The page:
US oil and gas activity continues to expand, but upstream operators continue to be careful and show capital discipline. As oil demand prospects improve and activity returns, employment in the US oilfield services sector is also ticking up. In addition, rallying commodity prices this year resulted in a very strong second quarter for mergers and acquisitions across the U.S. shale patch.
Rallying oil prices and re-opening of economies helped activity in the US oil and gas sector continue to improve in the second quarter of 2021, the Dallas Fed Energy Survey Q2 showed at the end of June.
According to the survey of oil and gas executives, the business activity index—the survey’s broadest measure of conditions for energy firms—remained elevated at 53.0, essentially unchanged from its first-quarter reading. Oil and gas production increased, with the oil production index jumping from 16.3 in the first quarter to 35.0 in the second quarter. This marked the second-highest reading since the survey’s inception in 2016. Similarly, the natural gas production index increased 19 points to 35.0, according to the survey.
Executives at oilfield services firms also reported improvement across all indicators, with the equipment utilization index staying positive and operating margins improving further. The operating margins index rose from 14.0 to 22.5. The index of prices received for services rose from 20.0 to 30.0, the Dallas Fed Energy Survey found.
The aggregate employment index posted a second consecutive positive reading, edging up from 8.4 to 9.9. Growth in employment continues to be driven primarily by oilfield services firms.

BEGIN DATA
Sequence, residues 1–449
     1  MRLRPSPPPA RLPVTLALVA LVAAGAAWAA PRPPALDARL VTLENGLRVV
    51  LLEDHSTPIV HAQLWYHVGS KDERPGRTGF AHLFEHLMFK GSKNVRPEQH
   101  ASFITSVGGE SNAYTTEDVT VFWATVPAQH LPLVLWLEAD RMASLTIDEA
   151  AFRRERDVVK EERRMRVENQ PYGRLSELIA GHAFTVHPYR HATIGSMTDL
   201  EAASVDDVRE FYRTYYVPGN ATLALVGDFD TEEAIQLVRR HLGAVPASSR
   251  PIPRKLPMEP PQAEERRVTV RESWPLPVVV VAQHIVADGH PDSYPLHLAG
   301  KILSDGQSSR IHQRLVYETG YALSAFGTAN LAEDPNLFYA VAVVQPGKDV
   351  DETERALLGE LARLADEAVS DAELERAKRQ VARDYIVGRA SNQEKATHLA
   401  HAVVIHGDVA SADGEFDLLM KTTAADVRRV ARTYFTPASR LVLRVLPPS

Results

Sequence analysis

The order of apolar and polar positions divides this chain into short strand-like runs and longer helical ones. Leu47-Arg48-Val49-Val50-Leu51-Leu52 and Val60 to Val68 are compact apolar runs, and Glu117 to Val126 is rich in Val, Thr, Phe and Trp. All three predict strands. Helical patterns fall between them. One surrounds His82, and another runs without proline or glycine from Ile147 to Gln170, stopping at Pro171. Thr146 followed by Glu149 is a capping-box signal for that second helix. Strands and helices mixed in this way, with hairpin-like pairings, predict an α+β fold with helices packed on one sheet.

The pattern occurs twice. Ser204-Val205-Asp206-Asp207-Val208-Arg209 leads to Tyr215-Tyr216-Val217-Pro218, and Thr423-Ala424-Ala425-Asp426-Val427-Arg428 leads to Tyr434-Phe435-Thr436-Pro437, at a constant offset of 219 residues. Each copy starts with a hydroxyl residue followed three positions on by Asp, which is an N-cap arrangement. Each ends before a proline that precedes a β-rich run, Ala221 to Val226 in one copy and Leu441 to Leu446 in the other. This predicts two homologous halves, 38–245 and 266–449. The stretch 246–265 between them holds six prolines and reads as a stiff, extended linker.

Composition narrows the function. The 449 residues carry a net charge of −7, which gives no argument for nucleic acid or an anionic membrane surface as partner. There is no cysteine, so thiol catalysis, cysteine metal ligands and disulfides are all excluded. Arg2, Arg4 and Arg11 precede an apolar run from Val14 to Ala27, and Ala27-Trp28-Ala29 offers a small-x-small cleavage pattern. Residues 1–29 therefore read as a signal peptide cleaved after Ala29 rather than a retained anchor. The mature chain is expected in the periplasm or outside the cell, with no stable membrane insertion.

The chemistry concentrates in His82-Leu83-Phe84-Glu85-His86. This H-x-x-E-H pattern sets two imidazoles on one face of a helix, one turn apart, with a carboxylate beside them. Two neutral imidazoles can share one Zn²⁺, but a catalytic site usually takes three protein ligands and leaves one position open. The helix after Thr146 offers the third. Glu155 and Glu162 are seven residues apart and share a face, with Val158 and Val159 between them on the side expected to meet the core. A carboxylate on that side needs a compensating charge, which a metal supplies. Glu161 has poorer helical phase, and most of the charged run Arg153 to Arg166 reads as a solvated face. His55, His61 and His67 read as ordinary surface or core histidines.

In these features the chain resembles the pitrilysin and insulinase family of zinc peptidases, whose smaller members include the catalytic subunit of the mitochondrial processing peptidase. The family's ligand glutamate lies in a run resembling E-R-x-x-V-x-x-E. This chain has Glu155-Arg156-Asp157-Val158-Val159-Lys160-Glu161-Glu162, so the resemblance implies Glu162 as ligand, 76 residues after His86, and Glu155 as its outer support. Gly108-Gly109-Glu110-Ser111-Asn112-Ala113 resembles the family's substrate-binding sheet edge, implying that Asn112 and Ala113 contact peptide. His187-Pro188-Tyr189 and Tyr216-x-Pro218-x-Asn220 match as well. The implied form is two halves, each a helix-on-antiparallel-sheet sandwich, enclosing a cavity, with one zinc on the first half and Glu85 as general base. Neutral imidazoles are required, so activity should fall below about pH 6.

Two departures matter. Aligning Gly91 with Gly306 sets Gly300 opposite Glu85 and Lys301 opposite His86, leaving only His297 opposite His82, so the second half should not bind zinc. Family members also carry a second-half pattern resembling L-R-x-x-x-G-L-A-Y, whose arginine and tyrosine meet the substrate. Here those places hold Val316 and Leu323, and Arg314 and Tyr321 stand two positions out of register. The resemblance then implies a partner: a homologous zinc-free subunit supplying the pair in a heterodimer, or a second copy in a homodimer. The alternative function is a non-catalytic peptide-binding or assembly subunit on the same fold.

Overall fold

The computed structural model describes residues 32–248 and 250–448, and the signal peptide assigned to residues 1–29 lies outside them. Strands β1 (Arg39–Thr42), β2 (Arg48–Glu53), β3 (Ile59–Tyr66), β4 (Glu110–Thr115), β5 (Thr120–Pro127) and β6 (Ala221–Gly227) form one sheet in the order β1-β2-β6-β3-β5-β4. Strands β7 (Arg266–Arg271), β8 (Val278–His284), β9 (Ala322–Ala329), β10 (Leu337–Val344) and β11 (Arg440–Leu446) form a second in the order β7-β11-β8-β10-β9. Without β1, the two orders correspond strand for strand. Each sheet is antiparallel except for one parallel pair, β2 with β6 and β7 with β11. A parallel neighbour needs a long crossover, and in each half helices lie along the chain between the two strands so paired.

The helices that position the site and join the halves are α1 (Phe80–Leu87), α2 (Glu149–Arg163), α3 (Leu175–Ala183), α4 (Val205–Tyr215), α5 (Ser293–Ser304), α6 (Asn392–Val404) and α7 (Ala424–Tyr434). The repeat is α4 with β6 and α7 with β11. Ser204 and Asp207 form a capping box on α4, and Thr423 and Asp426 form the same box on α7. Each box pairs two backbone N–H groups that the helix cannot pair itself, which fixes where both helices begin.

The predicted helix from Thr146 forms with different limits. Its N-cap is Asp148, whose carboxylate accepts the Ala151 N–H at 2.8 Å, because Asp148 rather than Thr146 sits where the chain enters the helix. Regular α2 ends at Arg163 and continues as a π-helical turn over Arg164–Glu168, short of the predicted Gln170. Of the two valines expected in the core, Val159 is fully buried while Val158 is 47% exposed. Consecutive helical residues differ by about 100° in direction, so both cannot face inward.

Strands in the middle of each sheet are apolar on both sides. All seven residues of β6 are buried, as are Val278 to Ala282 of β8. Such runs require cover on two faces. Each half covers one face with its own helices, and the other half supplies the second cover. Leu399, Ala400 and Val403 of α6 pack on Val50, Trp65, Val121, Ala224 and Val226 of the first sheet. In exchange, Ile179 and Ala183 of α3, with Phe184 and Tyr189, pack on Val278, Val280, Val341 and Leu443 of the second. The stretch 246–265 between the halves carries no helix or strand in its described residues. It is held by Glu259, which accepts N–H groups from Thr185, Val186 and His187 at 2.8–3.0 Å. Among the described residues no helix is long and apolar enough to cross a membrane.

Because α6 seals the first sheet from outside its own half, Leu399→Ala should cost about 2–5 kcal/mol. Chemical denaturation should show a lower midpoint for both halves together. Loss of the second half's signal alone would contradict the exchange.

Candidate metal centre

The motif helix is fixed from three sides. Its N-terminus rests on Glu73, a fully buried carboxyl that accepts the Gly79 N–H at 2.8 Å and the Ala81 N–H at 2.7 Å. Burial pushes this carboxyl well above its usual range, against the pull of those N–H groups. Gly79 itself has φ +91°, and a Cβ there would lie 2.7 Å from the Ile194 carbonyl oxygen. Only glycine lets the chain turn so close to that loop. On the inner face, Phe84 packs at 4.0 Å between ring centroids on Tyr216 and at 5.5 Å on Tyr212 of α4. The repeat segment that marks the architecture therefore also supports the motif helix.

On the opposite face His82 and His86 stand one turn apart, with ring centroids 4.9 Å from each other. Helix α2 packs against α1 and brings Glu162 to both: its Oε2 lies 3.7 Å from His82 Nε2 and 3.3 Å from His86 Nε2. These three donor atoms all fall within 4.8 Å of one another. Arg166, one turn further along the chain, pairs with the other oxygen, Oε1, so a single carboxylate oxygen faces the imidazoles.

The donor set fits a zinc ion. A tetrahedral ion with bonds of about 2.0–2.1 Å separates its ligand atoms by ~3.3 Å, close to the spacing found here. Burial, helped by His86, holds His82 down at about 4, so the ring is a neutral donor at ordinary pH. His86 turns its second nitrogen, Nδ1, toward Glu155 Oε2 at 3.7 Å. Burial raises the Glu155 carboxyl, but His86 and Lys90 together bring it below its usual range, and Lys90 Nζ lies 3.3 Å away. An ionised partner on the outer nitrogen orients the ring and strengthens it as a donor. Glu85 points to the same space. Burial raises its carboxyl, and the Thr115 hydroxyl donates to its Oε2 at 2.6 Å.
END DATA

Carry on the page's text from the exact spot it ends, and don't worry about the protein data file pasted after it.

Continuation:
Six-month outlooks improved notably, as the index moved up from 70.6 for the first quarter to 71.9 for the second quarter, reaching the highest reading in the survey’s five-year history.
Survey respondents expect a West Texas Intermediate (WTI) oil price of $70 per barrel by the end of 2021, with responses ranging from $49 to $85 a barrel. Participants see Henry Hub natural gas prices of $3.10 per million British thermal units (MMBtu) at year-end.
Generally, exploration and production firms are concerned about the Biden Administration’s policies to ban drilling on federal land and potential changes to the tax code that could negatively impact the industry, executives said in comments to the survey.
“Don’t take the bait, drillers: Stay capital disciplined and enjoy the higher prices for your product,” one E&P executive said, while another noted that “The uncertainty has decreased, but it is still very high.”
“Drilling costs remain low, and we have little competition from the “bigs.” It is a great time to be independent without debt!” said a third executive in the comments.
An executive at an oil and gas support services firm said:
“While things are picking up in our areas of work, there is still much uncertainty as to “will this last?” It’s hard to believe we are questioning how things are going with oil over $70 per barrel.”
Despite the recent rally in oil prices, US shale is not racing to pump more oil, according to an analysis from Rystad Energy from early July, a week before OPEC+ finally sealed a new deal on easing their collective production cuts.
Even if US shale operators were to decide to increase production, it would take at least nine months to see a meaningful supply boost, according to Rystad Energy.
“Therefore, boosting output carries a considerable risk due to the volatility that surrounds oil demand and price trajectories,” the independent energy research company said.